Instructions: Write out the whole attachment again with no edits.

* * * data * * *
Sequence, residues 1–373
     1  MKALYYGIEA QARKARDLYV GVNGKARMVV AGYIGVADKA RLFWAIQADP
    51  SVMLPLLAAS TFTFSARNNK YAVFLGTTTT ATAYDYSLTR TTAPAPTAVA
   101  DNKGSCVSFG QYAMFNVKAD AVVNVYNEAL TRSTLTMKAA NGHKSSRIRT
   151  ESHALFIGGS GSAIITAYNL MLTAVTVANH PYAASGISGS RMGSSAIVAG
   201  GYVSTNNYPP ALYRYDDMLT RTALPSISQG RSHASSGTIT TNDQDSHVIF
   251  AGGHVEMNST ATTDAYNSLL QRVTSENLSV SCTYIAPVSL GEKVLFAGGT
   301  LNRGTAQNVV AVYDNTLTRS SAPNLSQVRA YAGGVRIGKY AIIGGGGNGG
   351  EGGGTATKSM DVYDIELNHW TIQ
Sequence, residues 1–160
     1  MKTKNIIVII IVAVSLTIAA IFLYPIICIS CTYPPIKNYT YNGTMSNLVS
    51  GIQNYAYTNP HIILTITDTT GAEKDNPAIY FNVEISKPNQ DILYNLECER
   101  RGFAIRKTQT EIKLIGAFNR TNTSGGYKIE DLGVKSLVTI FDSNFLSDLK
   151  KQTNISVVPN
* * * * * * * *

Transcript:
Sequence, residues 1–373
     1  MKALYYGIEA QARKARDLYV GVNGKARMVV AGYIGVADKA RLFWAIQADP
    51  SVMLPLLAAS TFTFSARNNK YAVFLGTTTT ATAYDYSLTR TTAPAPTAVA
   101  DNKGSCVSFG QYAMFNVKAD AVVNVYNEAL TRSTLTMKAA NGHKSSRIRT
   151  ESHALFIGGS GSAIITAYNL MLTAVTVANH PYAASGISGS RMGSSAIVAG
   201  GYVSTNNYPP ALYRYDDMLT RTALPSISQG RSHASSGTIT TNDQDSHVIF
   251  AGGHVEMNST ATTDAYNSLL QRVTSENLSV SCTYIAPVSL GEKVLFAGGT
   301  LNRGTAQNVV AVYDNTLTRS SAPNLSQVRA YAGGVRIGKY AIIGGGGNGG
   351  EGGGTATKSM DVYDIELNHW TIQ
Sequence, residues 1–160
     1  MKTKNIIVII IVAVSLTIAA IFLYPIICIS CTYPPIKNYT YNGTMSNLVS
    51  GIQNYAYTNP HIILTITDTT GAEKDNPAIY FNVEISKPNQ DILYNLECER
   101  RGFAIRKTQT EIKLIGAFNR TNTSGGYKIE DLGVKSLVTI FDSNFLSDLK
   151  KQTNISVVPN